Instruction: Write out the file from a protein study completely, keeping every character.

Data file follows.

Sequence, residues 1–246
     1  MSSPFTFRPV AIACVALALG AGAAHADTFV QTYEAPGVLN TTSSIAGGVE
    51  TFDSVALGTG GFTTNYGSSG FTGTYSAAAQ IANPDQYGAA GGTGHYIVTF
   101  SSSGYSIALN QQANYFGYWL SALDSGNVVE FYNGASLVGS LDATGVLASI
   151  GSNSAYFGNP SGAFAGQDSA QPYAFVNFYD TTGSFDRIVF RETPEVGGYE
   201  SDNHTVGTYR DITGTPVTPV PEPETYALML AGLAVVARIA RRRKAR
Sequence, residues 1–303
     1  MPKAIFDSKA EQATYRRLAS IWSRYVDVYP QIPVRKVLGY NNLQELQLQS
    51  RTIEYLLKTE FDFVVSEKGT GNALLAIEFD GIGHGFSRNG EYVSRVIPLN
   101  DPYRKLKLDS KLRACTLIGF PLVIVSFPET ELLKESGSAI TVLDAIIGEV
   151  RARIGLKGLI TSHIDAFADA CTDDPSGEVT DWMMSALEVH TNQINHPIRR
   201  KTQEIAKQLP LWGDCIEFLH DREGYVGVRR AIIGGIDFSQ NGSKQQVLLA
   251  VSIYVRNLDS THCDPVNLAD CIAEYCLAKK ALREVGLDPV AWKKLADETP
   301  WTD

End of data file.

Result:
Sequence, residues 1–246
     1  MSSPFTFRPV AIACVALALG AGAAHADTFV QTYEAPGVLN TTSSIAGGVE
    51  TFDSVALGTG GFTTNYGSSG FTGTYSAAAQ IANPDQYGAA GGTGHYIVTF
   101  SSSGYSIALN QQANYFGYWL SALDSGNVVE FYNGASLVGS LDATGVLASI
   151  GSNSAYFGNP SGAFAGQDSA QPYAFVNFYD TTGSFDRIVF RETPEVGGYE
   201  SDNHTVGTYR DITGTPVTPV PEPETYALML AGLAVVARIA RRRKAR
Sequence, residues 1–303
     1  MPKAIFDSKA EQATYRRLAS IWSRYVDVYP QIPVRKVLGY NNLQELQLQS
    51  RTIEYLLKTE FDFVVSEKGT GNALLAIEFD GIGHGFSRNG EYVSRVIPLN
   101  DPYRKLKLDS KLRACTLIGF PLVIVSFPET ELLKESGSAI TVLDAIIGEV
   151  RARIGLKGLI TSHIDAFADA CTDDPSGEVT DWMMSALEVH TNQINHPIRR
   201  KTQEIAKQLP LWGDCIEFLH DREGYVGVRR AIIGGIDFSQ NGSKQQVLLA
   251  VSIYVRNLDS THCDPVNLAD CIAEYCLAKK ALREVGLDPV AWKKLADETP
   301  WTD